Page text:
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OSEU One: Duane Hollow Horn Bear

(deep listening, information)
Learn FROM
(deep sharing, transformation)
  1. Does everyone in the Oceti Sakowin know their otiwote?
  2. How does knowing your otiwote connect you in a special way with makoce—the earth?
  3. What are some of the stories about why Crazy Horse fought for the Black Hills?
  4. How is the idea of otiwote “spiritual”?
  5. Do people of the Oceti Sakowin always know their otiwote? Is there a specific time they learn of it?
  6. Why is it so important for elders to pass on the wisdom?
  7. What’s the difference between seeing the earth as your mother and owning it?
  8. How is the Black Hills a wizipan, a container?
  9. What did the people of the Oceti Sakowin use from the Black Hills for shelter, food and medicine?
  10. What does it mean to have a relationship with makoce?
  11. How do people “give back” to the earth?
  1. Do I know the specific place where I was born?
  2. Do I have a special relationship to that place?
  3. Are there places that I have a special relationship with? Where are they? Why do I have a special relationship with them?
  4. Are there special places I’d be willing to fight for?
  5. Who are the people I learn wisdom from?
  6. How would it change me to think less about owning something, and more about having a relationship with it?
  7. What things might be easier to see in “relational” ways than in “ownership” ways? What makes the difference?
  8. Are there things I treat in “ownership” ways that I could try seeing more relationally? What might I learn from that?
  9. Do I have a place or a person or some other thing that is my “wizipan” or a container for all I need? Where, whom or what is it?
  10. What might happen if people feel like they have no wizipan, or that their wizipan is empty?
  11. Are there ways that I “give back” to some place, person or thing that acts as my wizipan?
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OSEU One: Stephanie Charging Eagle

(deep listening, information)
Learn FROM
(deep sharing, transformation)
  1. What is “stewardship” and how is it different from “ownership”?
  2. How were different groups within the Oceti Sakowin stewards for different areas? How did this impact the entire Oceti Sakowin?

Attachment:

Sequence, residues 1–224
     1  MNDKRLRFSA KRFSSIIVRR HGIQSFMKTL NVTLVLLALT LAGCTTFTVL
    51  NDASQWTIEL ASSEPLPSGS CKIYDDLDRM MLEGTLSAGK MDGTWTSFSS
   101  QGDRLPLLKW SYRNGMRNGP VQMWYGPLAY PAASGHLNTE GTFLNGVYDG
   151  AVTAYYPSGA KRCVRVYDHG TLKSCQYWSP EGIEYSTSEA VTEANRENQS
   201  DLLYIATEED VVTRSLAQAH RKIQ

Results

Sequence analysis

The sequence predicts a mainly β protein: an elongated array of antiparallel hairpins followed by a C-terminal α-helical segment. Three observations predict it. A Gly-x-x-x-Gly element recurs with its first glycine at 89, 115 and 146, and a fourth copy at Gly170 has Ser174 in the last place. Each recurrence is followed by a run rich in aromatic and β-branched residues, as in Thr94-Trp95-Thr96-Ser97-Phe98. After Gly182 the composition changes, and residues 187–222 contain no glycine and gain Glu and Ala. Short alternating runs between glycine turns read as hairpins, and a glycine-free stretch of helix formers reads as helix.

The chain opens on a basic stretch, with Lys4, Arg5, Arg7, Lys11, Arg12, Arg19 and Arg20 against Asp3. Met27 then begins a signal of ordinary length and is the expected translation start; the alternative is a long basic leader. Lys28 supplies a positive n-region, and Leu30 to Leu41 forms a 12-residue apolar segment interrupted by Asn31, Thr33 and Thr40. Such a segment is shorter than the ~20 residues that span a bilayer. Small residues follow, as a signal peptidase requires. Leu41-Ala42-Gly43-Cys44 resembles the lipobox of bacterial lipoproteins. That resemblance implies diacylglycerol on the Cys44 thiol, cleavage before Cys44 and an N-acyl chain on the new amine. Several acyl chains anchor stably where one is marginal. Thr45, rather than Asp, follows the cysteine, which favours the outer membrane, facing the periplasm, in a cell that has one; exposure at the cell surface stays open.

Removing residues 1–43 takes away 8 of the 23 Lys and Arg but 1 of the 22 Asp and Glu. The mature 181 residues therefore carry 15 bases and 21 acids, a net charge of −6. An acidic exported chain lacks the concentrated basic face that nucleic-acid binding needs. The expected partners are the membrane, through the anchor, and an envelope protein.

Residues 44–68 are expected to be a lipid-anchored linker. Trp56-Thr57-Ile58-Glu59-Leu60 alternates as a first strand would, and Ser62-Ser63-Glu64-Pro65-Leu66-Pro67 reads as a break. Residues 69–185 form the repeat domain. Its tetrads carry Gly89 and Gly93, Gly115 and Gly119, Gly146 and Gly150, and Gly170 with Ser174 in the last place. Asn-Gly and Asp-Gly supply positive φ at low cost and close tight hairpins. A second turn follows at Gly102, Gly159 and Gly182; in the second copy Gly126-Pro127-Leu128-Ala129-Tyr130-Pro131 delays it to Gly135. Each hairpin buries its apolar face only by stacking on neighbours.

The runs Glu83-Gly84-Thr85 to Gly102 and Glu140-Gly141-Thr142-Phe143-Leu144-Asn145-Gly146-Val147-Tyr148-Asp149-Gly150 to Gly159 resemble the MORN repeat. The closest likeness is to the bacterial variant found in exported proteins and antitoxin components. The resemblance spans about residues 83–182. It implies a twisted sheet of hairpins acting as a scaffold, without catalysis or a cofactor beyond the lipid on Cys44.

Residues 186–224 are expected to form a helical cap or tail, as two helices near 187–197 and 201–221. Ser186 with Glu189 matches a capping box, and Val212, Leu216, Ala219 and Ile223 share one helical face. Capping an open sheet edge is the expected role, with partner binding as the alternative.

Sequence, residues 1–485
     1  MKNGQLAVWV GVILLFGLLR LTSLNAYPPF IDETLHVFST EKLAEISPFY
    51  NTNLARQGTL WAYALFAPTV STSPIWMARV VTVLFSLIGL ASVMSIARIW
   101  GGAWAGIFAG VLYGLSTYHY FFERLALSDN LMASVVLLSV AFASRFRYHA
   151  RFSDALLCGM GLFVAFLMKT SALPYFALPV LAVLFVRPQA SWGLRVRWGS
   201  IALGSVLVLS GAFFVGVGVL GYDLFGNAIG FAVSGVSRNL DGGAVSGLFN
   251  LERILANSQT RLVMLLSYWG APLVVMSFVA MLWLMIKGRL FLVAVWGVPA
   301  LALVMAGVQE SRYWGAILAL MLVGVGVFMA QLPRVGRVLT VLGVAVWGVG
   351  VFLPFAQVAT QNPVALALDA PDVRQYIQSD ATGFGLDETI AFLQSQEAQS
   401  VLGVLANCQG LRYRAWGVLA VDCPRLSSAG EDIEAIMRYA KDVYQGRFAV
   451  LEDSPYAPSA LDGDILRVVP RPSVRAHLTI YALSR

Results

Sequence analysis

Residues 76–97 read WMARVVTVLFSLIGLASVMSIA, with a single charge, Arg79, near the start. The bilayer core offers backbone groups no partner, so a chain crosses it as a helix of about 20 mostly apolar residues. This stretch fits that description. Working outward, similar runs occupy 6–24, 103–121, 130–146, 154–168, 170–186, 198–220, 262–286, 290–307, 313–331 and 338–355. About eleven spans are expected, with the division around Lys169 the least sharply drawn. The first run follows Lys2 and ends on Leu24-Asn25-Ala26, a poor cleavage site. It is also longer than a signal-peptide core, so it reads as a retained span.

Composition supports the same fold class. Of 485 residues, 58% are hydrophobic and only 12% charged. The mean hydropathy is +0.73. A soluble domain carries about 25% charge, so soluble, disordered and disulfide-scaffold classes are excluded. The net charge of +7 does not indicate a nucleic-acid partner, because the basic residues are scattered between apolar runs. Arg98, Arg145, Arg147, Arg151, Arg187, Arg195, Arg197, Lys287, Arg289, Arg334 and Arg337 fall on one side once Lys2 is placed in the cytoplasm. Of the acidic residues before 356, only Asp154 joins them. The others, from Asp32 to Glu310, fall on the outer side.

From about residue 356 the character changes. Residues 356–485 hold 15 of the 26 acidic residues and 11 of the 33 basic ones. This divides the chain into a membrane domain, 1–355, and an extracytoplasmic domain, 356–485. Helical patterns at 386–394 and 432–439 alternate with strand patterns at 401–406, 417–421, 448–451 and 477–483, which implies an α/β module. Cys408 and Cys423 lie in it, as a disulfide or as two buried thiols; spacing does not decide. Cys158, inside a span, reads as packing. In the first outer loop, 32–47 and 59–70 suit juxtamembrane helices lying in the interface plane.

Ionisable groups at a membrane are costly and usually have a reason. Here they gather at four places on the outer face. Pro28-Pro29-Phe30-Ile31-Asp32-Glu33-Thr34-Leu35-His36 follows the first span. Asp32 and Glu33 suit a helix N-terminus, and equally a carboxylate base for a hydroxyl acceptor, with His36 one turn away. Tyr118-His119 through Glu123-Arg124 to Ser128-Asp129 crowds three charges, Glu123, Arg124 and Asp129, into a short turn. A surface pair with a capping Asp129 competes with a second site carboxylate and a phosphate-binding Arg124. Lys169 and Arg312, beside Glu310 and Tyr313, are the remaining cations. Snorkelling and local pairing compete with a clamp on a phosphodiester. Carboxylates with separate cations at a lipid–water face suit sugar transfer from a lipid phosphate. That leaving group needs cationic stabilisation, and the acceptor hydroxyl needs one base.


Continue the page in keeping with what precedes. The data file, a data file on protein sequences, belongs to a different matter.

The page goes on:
3. How does the idea of unci maka change your relationship with where you live?
  4. What are there some examples of people “taking advantage” of unci maka?
  5. How is the connection with the land spiritual?
  6. How is the people’s identity connected with unci maka? How is identity “lost” when the land is taken?
  7. Who are the stewards of the Black Hills?
  8. Who are the stewards of the Pipestone Quarry?
  9. What is the difference between deeding land to individuals and deeding land to the family? Why is this important today? How does it impact the people of the Oceti Sakowin?
  10. How is land connected with the concept of Tiospaye?
  11. What are the misunderstandings that have happened in South Dakota because of differences in concepts of land ownership?
  1. Are there things or places that I have stewardship over?
  2. Do I have a relationship with the place where I live?
  3. How is my “identity” shaped by where I live?
  4. What is my family’s sense of “shared ownership” vs. each of us having our separate things? What things are “my family’s” and what things are “mine”? What is the best balance of ownership in a family?
  5. Do I have a place I know, no matter where I go, I can “always come back” to?
  6. Have I or my family ever had a misunderstanding with someone else or with another group over the concept of ownership? How was it resolved? Was it resolved?
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OSEU One: Faith Spotted Eagle

(deep listening, information)
Learn FROM
(deep sharing, transformation)